Someone suggested that Honey Horn, home of the Coastal Discovery Museum on Hilton Head Island, be used for low-income housing because the site is underutilized.
So the writer feels that this 69-acre, open-space oasis on an increasingly crowded island should be developed. Hmm ...
I wonder if the 60,000 people who visit the museum each year would agree? Or the hundreds of students on field trip? Or the scores of volunteers who lead educational walks, talks and tours? Or the abundance of birds and wildlife that rest, nest, breed and feed at this refuge? Or the farmers market shoppers? Or those thrilled to have weddings, special events, and meetings there? Or those new residents whose backyards will be filled with thousands of logs and mounds of debris after the next hurricane? Or the museum itself, which someday will have to expand?
Hilton Head Island
Digital Access for only $0.99
For the most comprehensive local coverage, subscribe today.
Can our excesses be reconciled?
Three days after ordering a small Greek salad, I am eating the last of what I brought home in a box.
“Are the shrimp still good?” And that question to myself made me think of a picture I recently saw on the internet of a malnourished infant in its mother’s arms, a depiction so vividly stark that tears welled up. Three-day-old shrimp? What a glorious treat they would be for that mother.
And this time my thoughts were propelled back to my commercial fishing days in Alaska. If it was salmon season we were not allowed to catch halibut, which meant that when you hooked a 175-pound halibut you had to shake it off the hook, which most of the time meant wrecking the creature’s jaw and sentencing it to death. How sad to think of what those thousands of pounds of doomed halibut would mean to a Third World country with its malnourished infants.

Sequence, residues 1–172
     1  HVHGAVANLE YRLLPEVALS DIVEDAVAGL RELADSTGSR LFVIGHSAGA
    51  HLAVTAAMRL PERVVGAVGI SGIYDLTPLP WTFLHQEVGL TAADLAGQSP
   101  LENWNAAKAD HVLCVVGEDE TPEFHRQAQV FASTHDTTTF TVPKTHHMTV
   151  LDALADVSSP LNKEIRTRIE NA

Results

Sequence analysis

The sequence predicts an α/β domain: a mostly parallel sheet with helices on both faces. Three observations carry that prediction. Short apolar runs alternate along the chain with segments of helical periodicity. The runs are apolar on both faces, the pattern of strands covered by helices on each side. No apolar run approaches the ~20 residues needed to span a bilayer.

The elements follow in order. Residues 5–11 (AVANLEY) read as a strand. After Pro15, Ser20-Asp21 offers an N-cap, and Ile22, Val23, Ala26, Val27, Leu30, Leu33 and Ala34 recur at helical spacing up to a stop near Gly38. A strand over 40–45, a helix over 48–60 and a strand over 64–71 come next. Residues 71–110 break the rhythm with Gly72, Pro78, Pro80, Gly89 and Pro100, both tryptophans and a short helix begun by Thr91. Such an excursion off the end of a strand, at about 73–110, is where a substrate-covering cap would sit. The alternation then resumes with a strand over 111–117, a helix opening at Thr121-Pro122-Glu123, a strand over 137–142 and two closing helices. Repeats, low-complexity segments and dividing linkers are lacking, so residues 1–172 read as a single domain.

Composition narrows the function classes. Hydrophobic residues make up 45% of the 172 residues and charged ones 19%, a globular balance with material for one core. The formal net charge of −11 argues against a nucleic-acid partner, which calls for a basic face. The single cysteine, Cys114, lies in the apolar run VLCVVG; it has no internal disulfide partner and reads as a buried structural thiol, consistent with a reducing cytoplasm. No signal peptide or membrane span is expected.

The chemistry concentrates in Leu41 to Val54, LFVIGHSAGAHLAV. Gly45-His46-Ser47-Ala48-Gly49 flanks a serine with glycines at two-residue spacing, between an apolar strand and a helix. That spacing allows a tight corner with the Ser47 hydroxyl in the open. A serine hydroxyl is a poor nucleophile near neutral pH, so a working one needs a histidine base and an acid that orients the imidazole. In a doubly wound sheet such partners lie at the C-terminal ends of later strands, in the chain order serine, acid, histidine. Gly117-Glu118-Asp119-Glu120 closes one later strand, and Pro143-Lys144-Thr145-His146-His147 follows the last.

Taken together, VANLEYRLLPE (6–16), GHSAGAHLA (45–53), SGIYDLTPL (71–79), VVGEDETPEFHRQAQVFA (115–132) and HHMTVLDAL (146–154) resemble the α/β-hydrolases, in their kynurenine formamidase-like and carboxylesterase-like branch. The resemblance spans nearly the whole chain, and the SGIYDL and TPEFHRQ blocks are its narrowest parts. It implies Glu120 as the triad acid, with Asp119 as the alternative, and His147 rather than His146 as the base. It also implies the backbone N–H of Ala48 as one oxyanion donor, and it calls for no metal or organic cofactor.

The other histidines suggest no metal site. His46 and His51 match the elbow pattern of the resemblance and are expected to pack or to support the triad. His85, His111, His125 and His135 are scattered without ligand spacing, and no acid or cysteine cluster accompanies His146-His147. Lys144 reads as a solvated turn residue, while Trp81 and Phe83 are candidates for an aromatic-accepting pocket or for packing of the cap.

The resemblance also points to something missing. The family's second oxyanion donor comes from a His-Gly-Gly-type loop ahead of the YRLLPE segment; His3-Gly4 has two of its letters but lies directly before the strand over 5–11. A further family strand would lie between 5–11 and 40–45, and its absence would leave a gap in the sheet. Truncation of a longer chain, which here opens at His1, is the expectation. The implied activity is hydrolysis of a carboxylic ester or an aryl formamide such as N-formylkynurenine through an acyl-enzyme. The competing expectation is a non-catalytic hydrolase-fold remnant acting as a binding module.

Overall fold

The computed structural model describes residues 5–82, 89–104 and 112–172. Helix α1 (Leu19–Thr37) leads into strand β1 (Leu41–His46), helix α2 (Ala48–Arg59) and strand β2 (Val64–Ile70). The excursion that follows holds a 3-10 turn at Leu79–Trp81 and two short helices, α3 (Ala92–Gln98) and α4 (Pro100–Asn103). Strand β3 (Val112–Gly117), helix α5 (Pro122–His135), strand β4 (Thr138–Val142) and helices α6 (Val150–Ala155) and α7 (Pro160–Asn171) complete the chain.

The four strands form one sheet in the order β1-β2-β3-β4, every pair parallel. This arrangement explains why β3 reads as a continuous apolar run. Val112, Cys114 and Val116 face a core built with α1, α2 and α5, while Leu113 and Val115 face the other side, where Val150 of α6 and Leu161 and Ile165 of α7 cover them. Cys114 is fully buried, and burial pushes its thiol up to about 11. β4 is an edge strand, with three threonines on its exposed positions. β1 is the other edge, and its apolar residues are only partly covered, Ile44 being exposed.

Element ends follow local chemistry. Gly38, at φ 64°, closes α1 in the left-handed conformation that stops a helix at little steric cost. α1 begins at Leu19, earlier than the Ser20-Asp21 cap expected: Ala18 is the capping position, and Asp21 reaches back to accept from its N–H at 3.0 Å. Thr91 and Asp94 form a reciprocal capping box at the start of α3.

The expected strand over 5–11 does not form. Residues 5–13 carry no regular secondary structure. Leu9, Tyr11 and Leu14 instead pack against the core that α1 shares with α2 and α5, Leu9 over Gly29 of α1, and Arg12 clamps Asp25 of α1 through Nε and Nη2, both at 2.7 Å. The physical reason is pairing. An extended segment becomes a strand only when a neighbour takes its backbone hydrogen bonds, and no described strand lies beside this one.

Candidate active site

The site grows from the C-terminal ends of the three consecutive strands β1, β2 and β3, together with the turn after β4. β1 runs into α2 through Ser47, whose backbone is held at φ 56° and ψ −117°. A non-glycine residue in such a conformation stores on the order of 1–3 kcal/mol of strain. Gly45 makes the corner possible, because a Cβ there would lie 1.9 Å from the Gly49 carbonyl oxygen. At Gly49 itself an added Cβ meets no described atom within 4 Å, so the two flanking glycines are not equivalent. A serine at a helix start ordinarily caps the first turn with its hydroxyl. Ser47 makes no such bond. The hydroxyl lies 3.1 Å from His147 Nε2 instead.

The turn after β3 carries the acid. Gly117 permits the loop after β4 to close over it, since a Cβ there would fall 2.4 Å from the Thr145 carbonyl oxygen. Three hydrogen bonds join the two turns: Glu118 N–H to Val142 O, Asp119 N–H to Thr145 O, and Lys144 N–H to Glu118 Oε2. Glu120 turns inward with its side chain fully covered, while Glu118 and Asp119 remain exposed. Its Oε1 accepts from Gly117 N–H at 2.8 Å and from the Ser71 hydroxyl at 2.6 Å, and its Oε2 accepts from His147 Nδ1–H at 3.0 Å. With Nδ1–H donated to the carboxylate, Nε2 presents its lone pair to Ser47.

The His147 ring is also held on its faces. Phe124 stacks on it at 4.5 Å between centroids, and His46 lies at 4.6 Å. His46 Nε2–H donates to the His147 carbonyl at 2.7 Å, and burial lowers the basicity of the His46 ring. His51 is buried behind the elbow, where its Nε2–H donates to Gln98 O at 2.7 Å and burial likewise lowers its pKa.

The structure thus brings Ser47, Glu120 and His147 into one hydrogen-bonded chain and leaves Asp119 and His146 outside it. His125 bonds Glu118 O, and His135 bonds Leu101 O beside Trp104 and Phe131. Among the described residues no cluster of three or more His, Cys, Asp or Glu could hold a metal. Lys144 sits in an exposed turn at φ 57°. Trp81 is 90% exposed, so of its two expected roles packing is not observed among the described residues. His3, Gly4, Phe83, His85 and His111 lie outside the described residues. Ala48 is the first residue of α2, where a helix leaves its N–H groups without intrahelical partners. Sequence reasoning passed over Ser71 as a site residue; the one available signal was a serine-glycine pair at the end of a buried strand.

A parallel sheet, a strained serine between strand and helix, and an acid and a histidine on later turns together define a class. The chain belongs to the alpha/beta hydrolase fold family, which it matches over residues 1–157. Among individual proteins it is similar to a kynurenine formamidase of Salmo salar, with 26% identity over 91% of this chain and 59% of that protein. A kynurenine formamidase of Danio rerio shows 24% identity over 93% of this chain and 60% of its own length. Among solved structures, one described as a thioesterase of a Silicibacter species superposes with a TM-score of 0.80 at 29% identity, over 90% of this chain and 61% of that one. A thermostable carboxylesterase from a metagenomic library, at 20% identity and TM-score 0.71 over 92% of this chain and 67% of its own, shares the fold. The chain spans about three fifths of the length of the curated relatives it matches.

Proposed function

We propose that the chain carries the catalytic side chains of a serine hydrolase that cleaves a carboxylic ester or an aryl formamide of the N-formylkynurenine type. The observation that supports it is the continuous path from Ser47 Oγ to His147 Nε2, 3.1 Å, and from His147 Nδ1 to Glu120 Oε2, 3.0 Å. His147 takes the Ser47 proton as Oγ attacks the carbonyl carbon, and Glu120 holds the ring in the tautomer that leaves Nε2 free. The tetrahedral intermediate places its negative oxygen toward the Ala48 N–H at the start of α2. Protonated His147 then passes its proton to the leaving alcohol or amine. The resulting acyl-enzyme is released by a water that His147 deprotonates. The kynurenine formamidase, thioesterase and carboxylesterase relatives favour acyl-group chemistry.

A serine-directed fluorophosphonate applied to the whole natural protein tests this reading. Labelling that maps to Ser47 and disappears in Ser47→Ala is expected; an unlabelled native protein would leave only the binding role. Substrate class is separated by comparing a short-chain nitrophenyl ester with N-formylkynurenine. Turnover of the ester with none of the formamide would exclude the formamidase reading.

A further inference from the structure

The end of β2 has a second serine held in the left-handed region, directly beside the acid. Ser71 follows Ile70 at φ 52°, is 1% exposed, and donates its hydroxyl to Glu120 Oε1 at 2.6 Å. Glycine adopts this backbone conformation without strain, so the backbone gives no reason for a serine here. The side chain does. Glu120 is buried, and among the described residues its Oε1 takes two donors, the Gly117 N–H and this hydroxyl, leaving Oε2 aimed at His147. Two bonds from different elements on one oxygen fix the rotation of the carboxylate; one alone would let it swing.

As a child with a finicky appetite, I was urged to eat my veggies because of the starving children in China. And now as I eat my third portion of a small Greek salad, it is hard to reconcile our excess of food with the portrayal of that emaciated baby.
But to avoid the angst I will simply join the Christmas spirit and mask that portrayal of a malnourished infant by distributing some turkeys and candy canes to the less fortunate.
St. Helena Island
Better go with the global jury of scientists
Are those who demand “scientific proof” that global warming is caused by an increase in carbon dioxide, also demanding scientific proof of the foundations of their faith?
Yes, correlation is not necessarily a causation and the evidence might be circumstantial, but juries convict defendants based on circumstantial evidence all the time, and our spiritual beliefs are all based on circumstantial evidence.
I think we better go with the global jury of scientists, and stop fiddling while Rome (and California) is burning.
Jan S. Stasiek
Hilton Head Island
A better way to focus America
Instead of spending time, money and energy trying to catch the president, why not work together to fix the incredible and devastating divide in this country today, and perhaps even do some incredible national rebuilding of things like infrastructure, energy independence, human rights, etc.? Just a thought.
How to submit a letter
Send letters to the editor by email to email@example.com or firstname.lastname@example.org.
Or you may submit a letter online.
Letters to the editor must be 250 words or fewer and include your first and last names, street address and daytime telephone number so we can verify the letter before publication.
You are limited to one letter per 30 days.
Letters may be edited for length, style, grammar, taste and libel. All letters submitted become the property of The Island Packet and The Beaufort Gazette.